An editorial in JAMA (Feb. 7, 2023) notes that doctors have complained about drug ads for a very long time:

“The tension between physicians and drugmakers, especially over marketing, dates to the era of patent medicines. Since 1997, pharmaceutical manufacturers have advertised directly to US consumers, amplifying controversy over the role of drug marketing in clinical care. Critics argue that direct-to-consumer advertising drives use of expensive medications of marginal or no benefit. In 2015, the American Medical Association called for it to be banned.”

Should we try to encourage a ban on Drug Ads?

The editorial above by Dr. Amanda Starc is in response to a research paper in JAMA (Feb. 7, 2023). The authors introduce their research this way:

“The US and New Zealand are the only countries that allow direct-to-consumer advertising for prescription drugs. From 1997 to 2016, spending on advertisements for prescription drugs directed to consumers in the US grew from $1.3 billion to $6 billion, with the greatest increases observed among drugs to treat diabetes and endocrine conditions.”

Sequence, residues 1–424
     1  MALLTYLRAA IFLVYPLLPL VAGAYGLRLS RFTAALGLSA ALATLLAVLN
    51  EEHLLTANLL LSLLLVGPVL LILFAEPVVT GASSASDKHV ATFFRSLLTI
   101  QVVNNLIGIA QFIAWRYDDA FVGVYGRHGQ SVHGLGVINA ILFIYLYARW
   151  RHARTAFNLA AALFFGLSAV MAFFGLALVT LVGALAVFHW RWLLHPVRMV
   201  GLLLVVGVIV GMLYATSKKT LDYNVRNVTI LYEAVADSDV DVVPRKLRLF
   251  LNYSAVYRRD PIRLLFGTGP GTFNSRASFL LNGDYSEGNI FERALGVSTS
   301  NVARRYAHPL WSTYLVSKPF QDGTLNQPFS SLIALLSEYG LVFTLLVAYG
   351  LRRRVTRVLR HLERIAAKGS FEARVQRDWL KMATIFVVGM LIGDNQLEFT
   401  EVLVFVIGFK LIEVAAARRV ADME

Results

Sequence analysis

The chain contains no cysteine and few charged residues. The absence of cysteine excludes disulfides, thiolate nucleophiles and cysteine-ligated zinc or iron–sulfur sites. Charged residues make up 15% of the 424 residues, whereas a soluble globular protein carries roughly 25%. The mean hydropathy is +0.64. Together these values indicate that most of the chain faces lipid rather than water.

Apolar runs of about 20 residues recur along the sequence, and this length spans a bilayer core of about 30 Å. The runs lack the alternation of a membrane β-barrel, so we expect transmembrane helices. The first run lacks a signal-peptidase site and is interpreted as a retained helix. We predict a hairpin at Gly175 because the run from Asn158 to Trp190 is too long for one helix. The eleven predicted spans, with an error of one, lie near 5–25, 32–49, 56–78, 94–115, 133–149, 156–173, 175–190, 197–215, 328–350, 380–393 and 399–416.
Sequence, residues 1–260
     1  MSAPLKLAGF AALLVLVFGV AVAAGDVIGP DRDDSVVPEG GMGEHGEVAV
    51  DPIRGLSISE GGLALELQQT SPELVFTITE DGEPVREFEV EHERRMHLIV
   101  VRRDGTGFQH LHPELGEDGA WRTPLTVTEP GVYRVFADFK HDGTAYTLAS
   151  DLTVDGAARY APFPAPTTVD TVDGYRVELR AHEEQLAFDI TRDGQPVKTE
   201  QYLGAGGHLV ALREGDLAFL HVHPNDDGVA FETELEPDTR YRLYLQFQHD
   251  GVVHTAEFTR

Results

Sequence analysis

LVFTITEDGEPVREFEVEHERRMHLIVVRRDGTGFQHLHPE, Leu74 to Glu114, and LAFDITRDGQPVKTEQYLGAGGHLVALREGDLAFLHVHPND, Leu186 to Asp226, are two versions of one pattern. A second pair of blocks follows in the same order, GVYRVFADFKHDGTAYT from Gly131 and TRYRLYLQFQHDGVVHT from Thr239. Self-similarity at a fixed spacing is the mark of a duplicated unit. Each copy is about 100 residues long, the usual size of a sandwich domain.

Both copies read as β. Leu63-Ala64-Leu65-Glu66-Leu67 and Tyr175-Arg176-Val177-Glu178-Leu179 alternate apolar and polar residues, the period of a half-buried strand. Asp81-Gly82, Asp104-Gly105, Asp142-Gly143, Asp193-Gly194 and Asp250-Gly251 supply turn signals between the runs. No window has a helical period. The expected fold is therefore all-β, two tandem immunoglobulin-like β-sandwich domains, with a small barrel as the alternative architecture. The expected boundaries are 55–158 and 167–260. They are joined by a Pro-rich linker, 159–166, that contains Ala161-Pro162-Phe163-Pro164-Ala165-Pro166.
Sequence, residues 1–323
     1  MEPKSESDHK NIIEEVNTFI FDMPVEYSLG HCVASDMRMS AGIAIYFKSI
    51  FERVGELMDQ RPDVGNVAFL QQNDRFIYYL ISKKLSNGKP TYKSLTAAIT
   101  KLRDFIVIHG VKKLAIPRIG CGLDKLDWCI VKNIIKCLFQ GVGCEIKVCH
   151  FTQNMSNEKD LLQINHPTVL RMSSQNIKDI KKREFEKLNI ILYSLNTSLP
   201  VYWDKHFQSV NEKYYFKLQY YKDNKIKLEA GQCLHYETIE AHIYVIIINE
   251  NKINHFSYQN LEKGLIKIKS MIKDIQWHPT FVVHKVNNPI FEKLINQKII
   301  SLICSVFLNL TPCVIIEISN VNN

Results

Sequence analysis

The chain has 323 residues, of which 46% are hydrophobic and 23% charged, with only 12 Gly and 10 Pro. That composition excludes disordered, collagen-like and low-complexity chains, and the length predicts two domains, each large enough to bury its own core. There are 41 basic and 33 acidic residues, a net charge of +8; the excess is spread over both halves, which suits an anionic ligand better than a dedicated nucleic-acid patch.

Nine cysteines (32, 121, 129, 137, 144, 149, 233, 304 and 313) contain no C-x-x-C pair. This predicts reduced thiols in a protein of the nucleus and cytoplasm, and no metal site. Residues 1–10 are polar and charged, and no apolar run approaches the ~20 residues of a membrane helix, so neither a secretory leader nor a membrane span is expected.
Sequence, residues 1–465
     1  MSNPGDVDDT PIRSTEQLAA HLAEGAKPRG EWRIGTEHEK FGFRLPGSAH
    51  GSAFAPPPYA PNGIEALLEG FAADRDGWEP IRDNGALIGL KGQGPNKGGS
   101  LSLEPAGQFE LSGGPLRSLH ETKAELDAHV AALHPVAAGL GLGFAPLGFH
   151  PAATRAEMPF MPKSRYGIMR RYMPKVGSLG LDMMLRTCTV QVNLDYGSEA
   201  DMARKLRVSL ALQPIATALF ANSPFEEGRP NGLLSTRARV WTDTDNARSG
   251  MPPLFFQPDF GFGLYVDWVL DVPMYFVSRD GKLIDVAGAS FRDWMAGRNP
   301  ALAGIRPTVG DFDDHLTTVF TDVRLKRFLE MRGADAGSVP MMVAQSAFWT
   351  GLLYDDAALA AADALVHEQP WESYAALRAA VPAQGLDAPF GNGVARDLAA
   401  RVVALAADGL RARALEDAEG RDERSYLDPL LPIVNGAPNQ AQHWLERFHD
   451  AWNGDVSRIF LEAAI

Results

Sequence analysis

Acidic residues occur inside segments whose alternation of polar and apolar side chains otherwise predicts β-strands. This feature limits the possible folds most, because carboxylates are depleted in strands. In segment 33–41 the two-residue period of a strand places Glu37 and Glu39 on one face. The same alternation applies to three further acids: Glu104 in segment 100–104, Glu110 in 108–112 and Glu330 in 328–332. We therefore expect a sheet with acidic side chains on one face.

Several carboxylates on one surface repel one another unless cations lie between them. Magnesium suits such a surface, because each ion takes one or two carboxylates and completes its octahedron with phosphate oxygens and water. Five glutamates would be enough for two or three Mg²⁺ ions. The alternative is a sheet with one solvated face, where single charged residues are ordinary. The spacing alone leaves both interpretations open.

This study compared the effectiveness of advertised drugs to the advertising budget.

The authors concluded that in general, companies spent more money promoting drugs with less clinical benefit than for those with higher clinical benefit. This paid off. Higher advertising budgets resulted in greater sales of medications with lower benefit. Creating consumer demand through advertising appears to drive prescribing of drugs that doctors might not prioritize.